Pressure gauge calibration is the process of comparing a pressure gauge’s accuracy to a recognized standard. This is accomplished by comparing the gauge’s output to that of a reference gauge or by delivering a known pressure to the gauge and measuring the output. Calibration may be done on a number of pressure gauges, including analog and digital gauges, and is a vital step in ensuring that the gauge provides accurate and trustworthy readings. Calibration of a pressure gauge often entails changing the gauge to ensure compliance with industry standards and regulations. To discover more about how pressure gauges operate, see our page on how they function.
How to calibrate a pressure gauge
Pressure calibration equipment such as a deadweight tester, standard pneumatic calibrator, or any other pressure gauge calibrator with an accurate reading is used to calibrate a pressure gauge. The main ideas and processes to calibrate a pressure gauge are quite same regardless of the tool, whether it’s mechanical or digital gauge calibration.
- Using the proper adapter or fitting, connect the hand pump calibrator to the pressure gauge to be calibrated.
- Set the hand pump calibrator to the required pressure.
- Pump the hand pump calibrator gradually until the appropriate pressure is obtained.
- Examine the pressure gauge and make sure it reads the same as the manual pump calibrator.
- If the gauge does not read the right pressure, follow the manufacturer’s instructions.
- Repeat the procedure at each pressure point to check that the gauge is accurate throughout its range.
- Record the calibration results and make any required modifications.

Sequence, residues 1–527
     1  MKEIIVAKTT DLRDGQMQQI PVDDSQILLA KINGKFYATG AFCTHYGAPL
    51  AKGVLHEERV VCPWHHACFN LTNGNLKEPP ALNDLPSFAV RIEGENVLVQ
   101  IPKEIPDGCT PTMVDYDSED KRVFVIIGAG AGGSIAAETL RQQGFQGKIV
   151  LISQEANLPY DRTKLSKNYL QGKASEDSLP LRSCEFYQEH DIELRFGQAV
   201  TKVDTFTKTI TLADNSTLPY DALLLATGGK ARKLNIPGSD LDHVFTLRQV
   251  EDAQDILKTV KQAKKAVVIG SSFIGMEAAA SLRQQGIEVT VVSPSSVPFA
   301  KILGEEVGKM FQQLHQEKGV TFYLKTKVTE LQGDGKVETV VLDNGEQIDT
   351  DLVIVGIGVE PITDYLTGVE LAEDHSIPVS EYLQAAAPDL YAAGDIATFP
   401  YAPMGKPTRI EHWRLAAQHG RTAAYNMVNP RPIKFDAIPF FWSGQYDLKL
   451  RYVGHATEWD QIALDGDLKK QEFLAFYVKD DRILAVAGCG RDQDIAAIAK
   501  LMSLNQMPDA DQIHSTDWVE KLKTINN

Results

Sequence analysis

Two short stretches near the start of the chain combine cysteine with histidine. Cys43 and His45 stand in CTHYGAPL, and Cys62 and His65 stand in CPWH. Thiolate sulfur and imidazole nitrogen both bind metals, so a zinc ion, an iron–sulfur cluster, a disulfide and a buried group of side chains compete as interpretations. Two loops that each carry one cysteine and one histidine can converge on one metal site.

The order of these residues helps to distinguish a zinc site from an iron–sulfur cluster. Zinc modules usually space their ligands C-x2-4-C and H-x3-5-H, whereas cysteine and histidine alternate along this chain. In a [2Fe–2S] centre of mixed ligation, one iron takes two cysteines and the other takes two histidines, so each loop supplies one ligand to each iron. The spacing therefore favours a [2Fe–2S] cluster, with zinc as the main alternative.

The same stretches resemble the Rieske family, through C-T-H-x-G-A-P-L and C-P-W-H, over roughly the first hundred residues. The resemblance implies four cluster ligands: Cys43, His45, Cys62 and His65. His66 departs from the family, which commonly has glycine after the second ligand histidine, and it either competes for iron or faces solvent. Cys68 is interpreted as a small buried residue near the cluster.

When the calibration is finished, remove the hand pump calibrator and store it properly.
Factors to consider for pressure gauge calibration
A precise pressure system is used for pressure calibration. The pressure reading on calibrated pressure gauges is logged and compared to the uncalibrated gauge to determine the margin of error. However, several factors can influence the calibration process and should be considered:
- Accuracy class:
The accuracy class is the pressure gauge’s maximum margin of error for the maximum scale reading. The accuracy class will assist operators in determining the permissible margin of error during calibration. The table below will assist you in determining the allowable error margin based on the accuracy class of the pressure gauge.
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- Pressure media:
When calibrating a pressure gauge, it is best to utilize the same media that the pressure gauge is attached to. If this is not feasible, calibration with air/gas is appropriate for low-pressure gauges, whereas liquids are safer for high-pressure gauges.
- Height difference:
Because of the hydrostatic pressure of the medium, the difference in height between the pressure gauge calibration equipment and the pressure gauge might produce an inaccuracy during calibration. This is more common in liquid medium than in gas media. The size of the inaccuracy varies with the density of the liquid and the variation in height. If the calibration equipment and gauge cannot be placed at the same height, the effect of the height difference should be considered during calibration. A 2.5 cm (1 in) height variation allows for a pressure measurement error of around 0.02 bar (0.3 psi).